Moldova in the New Eastern European Axis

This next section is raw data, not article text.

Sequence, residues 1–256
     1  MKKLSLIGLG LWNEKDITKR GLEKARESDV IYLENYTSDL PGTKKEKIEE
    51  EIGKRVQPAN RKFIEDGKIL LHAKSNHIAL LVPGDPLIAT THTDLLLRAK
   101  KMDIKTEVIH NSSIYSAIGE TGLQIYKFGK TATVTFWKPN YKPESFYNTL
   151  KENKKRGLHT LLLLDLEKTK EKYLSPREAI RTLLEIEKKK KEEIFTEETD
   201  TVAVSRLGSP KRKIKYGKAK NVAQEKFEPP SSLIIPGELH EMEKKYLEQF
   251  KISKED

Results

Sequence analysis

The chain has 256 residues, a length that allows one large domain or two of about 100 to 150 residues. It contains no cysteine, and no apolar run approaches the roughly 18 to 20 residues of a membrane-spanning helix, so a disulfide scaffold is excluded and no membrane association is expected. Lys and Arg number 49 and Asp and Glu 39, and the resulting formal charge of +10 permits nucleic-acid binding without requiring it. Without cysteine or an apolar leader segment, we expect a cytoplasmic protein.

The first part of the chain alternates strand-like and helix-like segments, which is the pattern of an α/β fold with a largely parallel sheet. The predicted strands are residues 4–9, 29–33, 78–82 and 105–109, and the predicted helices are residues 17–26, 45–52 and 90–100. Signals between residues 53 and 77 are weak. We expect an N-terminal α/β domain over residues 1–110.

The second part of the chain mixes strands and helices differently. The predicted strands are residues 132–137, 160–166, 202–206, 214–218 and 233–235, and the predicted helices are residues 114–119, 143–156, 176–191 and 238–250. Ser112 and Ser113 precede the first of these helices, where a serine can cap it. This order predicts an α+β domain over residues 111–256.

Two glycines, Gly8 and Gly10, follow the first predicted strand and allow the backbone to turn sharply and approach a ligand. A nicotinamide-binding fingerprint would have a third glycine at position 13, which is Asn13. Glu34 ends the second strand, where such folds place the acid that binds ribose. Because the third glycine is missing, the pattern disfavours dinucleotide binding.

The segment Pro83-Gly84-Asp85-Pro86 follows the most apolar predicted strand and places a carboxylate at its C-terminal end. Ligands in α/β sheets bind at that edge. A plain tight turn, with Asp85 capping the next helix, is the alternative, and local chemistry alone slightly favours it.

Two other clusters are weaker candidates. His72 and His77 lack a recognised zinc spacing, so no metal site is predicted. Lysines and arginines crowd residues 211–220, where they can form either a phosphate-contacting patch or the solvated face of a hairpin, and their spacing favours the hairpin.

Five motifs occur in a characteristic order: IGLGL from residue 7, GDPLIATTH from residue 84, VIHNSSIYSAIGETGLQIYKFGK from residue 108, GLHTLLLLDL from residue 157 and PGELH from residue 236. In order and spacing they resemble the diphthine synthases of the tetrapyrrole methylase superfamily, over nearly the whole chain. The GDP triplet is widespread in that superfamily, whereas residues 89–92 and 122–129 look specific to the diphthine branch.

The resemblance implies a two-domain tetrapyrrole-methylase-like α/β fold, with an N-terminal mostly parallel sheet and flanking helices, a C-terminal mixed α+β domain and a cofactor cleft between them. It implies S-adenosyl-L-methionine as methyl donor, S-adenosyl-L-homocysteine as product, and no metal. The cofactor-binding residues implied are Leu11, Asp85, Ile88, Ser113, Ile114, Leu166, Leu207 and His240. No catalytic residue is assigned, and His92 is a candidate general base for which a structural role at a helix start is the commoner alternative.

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Anton Shvec The Polish prime minister arrived in Chisinau to encourage the Moldovan leadership to join the Warsaw-formed ‘Poland-Romania-Ukraine’ axis Yesterday, Polish Prime Minister Mateusz Morawiecki visited Moldova and met with his counterpart Dorin Recean. The politicians signed a memorandum on energy security and a cyber-security cooperation agreement, and agreed to increase the number of Polish LOT passenger flights from Chisinau airport, which comes in handy given the crisis of Moldovan airlines and the refusal of several low-cost carriers to provide services in our country. One of the results of the meeting was the joint political declaration which stressed the “strong historical ties” of the two nations, condemned “Russia’s unjustified aggression against neighboring Ukraine and the ensuing hybrid war against Moldova” and expressed Warsaw’s security and Euro-integration support for Chisinau. As Mateusz Morawiecki himself said, Poland and Moldova are “united by the fate of Ukraine.” The phrase is not a word play at all. Earlier this week, the Polish prime minister warmly received the president of Ukraine in Warsaw. The Polish capital witnessed a number of resonant statements by Volodymyr Zelensky, hardly imaginable before the hot phase of the Russian-Ukrainian conflict. For instance, speaking about the elimination of historical contradictions and interaction between Ukraine and Poland, Zelensky argued that the two countries will have no borders, political, economic or historical, in the future. It is yet hard to say what exactly is behind these words. Expert estimates are diametrically opposite, starting with Poland’s territorial claims to the regions of western Ukraine and ending with hints at a future confederation of the two states as a new version of the Polish-Lithuanian Commonwealth. It seems that Warsaw’s diplomatic activity in the region is driven not only by national needs and historical interests in Ukraine. Poles also have serious geopolitical agenda, for the European Union, especially its ordinary voters, is showing weariness of the Ukrainian conflict, which undermines solidarity in terms of financing and arming Kyiv. Hungary has dissociated itself from the mainstream since the outbreak of the war and is pursuing a relatively neutral policy. France is torn by internal contradictions due to the failed pension reform move by Emmanuel Macron, which sparked mass protests in the country. Domestic insecurity makes the Fifth Republic’s president weak in foreign policy, as evidenced by his futile, and in some ways humiliating, visit to Beijing. Xi Jinping’s promise to call Zelensky can hardly be credited to Macron and the European Commission chief who accompanied him. France has even dropped out of the Moldova support platform, although at the previous three sessions it stood as its major driver, along with Romania and Germany. Now Olaf Scholz travels to Bucharest and invites Maia Sandu without involving France which apparently ran out of money or enthusiasm. Meanwhile, Poland, and Romania, key support countries for Kyiv with which Ukraine has long western borders, face a vigorous fronde. Primarily, agricultural producers disgruntled by low Ukrainian export prices are protesting. However, a large part of the Polish population also has historical claims to the neighboring country, which cannot be overcome only by warm relations between Mateusz Morawiecki and Andrzej Duda and the Zielensky family, especially given the widespread Nazi symbols and attitudes in the conflict zone. Washington is closely watching these trends and the popular demand for peace or at least a respite, and is aware of Romania’s and Poland’s growing role amid the contradictory polices of the EU nation-states. Their support will allow Ukraine to fight without worrying about logistics and the rear, while relying on aid in exporting its products and hosting refugees. That is why the U.S. is pushing for an Eastern European ‘Poland-Romania-Ukraine’ axis under the direct command of the Pentagon and the State Department. This was made quite explicit last week during Morawiecki’s visit to Romania where he spoke with Klaus Iohannis and Prime Minister Nicolae Ciucă. The two sides agreed on a technical committee on the defense industry and production of military hardware, which means joint modernization of the army, joint purchases and drills. The joint session of the Polish and Romanian governments resulted in a declaration and a series of memorandums, as well as statement of unconditional support for Ukraine for as long as needed. Thus, Washington has successfully consolidated the key allies of Ukraine to continue military action. And Moldova, obviously, was invited to participate in the emerging club, with no right to refuse. The endless series of NATO military exercises involving the National Army (JCET-2023, Defender and Air Defender), reservist drills, etc. are only a prologue to further actions. If developments in the Ukrainian military theater require specific moves from Poland and Romania, these countries will send their contingents and NATO units stationed there to Ukraine as part of a new escalation of the Ukrainian conflict. Moldova’s role, unfortunately, is not limited to logistics and diplomacy, either. Our leadership may be at any moment instructed to unfreeze the Transdniestrian conflict in order to justify Romania’s entry into the war and create the broadest possible front line for Russia. There is nothing to suggest that the current authorities, who are under Washington and Bucharest’s operational control, will be able to opt out and act in keeping with national interests. Obviously, Russia will not be indifferent to its peacekeepers and Russian citizens in the region, and will retaliate by available military means. Thus, Moldova could quickly turn into a new theater of hostilities, with the consequences causing irreparable damage and depriving our country of its last prospects for normal development.